The U.S. just opened a new embassy in Havana a short time ago and recently the government loosened some of the previous travel restrictions to the country. Here’s the lowdown on what you can and cannot do when traveling to Cuba.
Who can travel to Cuba
Bad news time for travelers looking for fun and sand on the beach. That’s still a no-go, but some of these rules are made for being exploited, so don’t fret and use your imagination when considering whether to go or not.
All but the last of these doesn’t require an official license to travel from the Cuban government:
- Visits to close relatives.
- People participating in academic or educational programs.
- Professional research.
- Journalists covering public performances and sporting competitions.
- Religious activities.
- You have an official licence to travel to Cuba issued by their government.
You’re also permitted to bring your family if you “fit” into any of these categories.
You have to check a box on your entry form stating the purposes of your trip, but aren’t currently required to provide an iron-clad, minute-by-minute itinerary when doing so. As Robert Muse, a lawyer who specializes in U.S.-Cuba related law, had this to say to those dismayed by the restrictions on sun and sand travel: “If somebody wishes to travel to Cuba and they can’t think up a way to fit into those categories, they are not trying.”
How to get there.
Things are still dicey over there with regards to commercial flights. In fact, Cuban officials aren’t allowing commercial carriers to land in their airports as of yet. U.S. and Cuban aviation officials are currently in talks to expand permissions, but currently only a a few charter companies are allowed through Cuban airspace. As of this post, there are literally dozens of these chartered flights leaving Florida, New York, LA and New Orleans each and every day.
You can also get to Cuba via cruise ship, but all the rules for entry still apply, meaning you have to have a legitimate reason for being there based on current established entry requirements into the country, or you have a license. Carnival Cruise Lines are one such company that has an agreement to travel to Cuba and plan to start doing so in April 2016.
Make no mistake, there are hoards of eager travelers who’ve already hammered the Cuban hotel industry with reservations extending months into the future. To make matters worse, Cuba isn’t equipped with many “desirable” luxury hotels, which further thins the heard of possible accommodations. A smart alternative to scouring Hotels.com and Hotwire every day for a last-minute deal or cancellation is to get yourself on a people-to-people trip.
These trips are considered educational in nature and so fall under the general-license travel rules set out by Cuba. The trips are fully chartered by private companies who charge between $2000 and $4000 dollars to set out a full itinerary for you to visit various cultural and educational sites in the country. They create your full itinerary including the chartered flights and accommodations while you stay there. Check out our Tours and Activities Finder to book your people-to-people trip.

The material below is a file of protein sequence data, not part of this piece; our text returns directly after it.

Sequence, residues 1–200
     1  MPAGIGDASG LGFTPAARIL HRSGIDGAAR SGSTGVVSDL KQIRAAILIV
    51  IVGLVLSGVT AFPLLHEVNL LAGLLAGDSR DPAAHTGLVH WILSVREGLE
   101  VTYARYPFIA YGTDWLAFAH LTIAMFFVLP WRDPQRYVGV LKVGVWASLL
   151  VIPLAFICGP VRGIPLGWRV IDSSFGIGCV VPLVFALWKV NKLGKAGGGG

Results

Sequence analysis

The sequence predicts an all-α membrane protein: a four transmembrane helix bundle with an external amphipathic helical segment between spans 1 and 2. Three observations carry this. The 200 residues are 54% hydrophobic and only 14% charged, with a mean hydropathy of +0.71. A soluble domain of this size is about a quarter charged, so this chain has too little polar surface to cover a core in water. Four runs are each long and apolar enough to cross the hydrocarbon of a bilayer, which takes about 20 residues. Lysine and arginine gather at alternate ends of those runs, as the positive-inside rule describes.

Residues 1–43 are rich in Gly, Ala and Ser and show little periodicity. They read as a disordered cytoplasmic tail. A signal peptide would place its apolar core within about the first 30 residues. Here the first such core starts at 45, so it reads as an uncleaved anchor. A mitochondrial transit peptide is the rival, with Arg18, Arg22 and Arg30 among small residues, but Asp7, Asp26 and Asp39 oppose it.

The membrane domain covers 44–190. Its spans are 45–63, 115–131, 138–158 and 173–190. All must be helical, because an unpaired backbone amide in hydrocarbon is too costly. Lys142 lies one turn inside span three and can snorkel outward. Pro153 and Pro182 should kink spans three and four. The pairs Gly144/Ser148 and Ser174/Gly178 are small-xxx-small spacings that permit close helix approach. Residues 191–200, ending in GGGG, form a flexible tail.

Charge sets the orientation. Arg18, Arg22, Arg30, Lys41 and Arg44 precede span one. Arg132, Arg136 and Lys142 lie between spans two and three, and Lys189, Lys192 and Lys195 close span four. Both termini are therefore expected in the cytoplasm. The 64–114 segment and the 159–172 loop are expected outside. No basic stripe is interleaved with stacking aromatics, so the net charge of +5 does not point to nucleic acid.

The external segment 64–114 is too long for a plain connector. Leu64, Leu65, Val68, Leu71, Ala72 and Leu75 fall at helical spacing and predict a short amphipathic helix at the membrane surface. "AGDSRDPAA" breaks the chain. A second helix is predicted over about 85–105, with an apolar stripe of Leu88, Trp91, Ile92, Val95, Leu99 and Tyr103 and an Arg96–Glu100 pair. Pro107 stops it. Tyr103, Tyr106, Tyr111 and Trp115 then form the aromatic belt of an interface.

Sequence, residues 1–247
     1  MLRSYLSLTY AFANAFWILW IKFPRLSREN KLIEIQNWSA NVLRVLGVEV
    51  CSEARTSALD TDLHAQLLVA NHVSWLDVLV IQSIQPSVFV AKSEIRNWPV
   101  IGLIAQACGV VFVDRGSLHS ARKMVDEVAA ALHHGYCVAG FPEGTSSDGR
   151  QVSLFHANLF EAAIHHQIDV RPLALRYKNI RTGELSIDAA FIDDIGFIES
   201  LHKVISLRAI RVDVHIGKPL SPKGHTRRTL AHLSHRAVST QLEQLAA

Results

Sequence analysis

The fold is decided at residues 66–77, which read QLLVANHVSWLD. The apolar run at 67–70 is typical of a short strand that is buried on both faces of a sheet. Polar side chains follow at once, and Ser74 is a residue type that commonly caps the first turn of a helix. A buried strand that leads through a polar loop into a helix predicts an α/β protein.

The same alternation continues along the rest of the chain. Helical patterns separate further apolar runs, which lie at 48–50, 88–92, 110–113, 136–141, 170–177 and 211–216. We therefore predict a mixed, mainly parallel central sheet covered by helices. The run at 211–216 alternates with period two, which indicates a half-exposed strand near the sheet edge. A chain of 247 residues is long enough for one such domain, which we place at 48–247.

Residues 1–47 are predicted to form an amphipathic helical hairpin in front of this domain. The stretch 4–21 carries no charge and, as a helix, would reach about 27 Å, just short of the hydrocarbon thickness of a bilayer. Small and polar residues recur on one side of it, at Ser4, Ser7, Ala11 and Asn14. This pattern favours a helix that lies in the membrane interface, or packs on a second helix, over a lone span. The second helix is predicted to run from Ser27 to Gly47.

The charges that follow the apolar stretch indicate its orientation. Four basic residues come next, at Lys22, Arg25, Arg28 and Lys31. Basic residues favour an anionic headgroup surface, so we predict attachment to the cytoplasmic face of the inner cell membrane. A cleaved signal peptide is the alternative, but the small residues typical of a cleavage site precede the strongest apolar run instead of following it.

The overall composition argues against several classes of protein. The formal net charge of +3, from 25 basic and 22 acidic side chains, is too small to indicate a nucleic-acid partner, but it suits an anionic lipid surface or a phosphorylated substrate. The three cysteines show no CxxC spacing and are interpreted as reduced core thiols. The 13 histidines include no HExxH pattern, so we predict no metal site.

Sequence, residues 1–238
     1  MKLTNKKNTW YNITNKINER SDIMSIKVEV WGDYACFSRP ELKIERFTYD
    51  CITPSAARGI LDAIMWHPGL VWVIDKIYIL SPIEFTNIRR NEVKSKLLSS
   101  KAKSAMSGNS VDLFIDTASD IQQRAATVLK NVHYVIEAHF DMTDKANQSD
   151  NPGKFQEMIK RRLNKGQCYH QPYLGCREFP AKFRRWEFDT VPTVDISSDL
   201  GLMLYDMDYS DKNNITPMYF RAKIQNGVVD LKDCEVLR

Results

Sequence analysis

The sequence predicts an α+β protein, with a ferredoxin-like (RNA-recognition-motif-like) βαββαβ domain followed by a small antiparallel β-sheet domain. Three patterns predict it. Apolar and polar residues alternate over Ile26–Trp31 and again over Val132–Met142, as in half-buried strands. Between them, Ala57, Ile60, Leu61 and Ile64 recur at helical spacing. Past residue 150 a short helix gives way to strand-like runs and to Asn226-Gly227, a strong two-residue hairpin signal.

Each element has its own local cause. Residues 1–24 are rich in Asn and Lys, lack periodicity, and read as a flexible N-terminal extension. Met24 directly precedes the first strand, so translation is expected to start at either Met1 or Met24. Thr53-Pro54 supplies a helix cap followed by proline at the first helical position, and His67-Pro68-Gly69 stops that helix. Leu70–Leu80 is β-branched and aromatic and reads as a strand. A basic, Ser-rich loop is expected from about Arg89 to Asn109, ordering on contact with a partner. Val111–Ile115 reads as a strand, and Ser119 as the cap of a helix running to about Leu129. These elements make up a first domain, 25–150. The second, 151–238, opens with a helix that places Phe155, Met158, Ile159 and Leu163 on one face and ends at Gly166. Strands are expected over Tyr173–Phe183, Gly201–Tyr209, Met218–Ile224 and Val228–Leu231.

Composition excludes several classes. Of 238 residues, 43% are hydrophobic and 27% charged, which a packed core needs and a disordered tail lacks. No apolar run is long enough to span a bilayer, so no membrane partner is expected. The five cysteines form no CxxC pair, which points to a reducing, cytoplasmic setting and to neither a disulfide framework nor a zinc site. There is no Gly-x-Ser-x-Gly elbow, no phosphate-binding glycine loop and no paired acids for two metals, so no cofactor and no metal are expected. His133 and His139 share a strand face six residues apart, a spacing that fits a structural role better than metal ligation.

This is an expensive option, but good if you just want to visit and don’t want to worry about being turned away for saying the word “beach” or “suntan” while being questioned by Cuban Customs on entry. Though, I’ll restate that apparently, this isn’t a concern and many Americans have already traveled in and out of the country for fun and sun under the guise of doing something “educational” or visiting their dear old aunt “Zamira” who lives at the foothills of the Sierra Maestra.
How bad is the hotel situation?
It’s pretty bad. There are around 61,000 rooms available in the country and as you can imagine, tour operators have lots of money to throw around block-booking in advance. They know they won’t have any problems getting their money back, after all. This means that conceivably, most of 2016 is probably already sold out if you don’t look for other means of accommodations.
Some good alternatives are to consider staying at one of the hundreds of “Casas” (B&Bs) to stay at in popular tourist locations like Havana, Trinidad and Viñales. These aren’t easy to find online, but your local travel agent will likely be able to help.
Airbnb has also stated that they have at least 2,000 listings available with their service, but you have to have an official Cuban travel license to book through them at this time.
Cash is King in Cuba.
ATMs are a luxury in Cuba and many vendors still don’t have the capacity to process credit card payments or American bank cards. This means you either need to carry cash over with you, carefully map out the ATM situation near where you’ll be staying, or set up a bank account at a Cuban bank after which you’ll be able to use your American debit or bank card to withdrawal money from Cuban banking locations.
What are your Cuba travel plans?
Will you be heading off to the land of Classic American cars, sprawling sandy beaches and amazing jungle backdrops anytime soon? Leave a comment and let us know.
Main Image Credit: Marina & Enrique/Flickr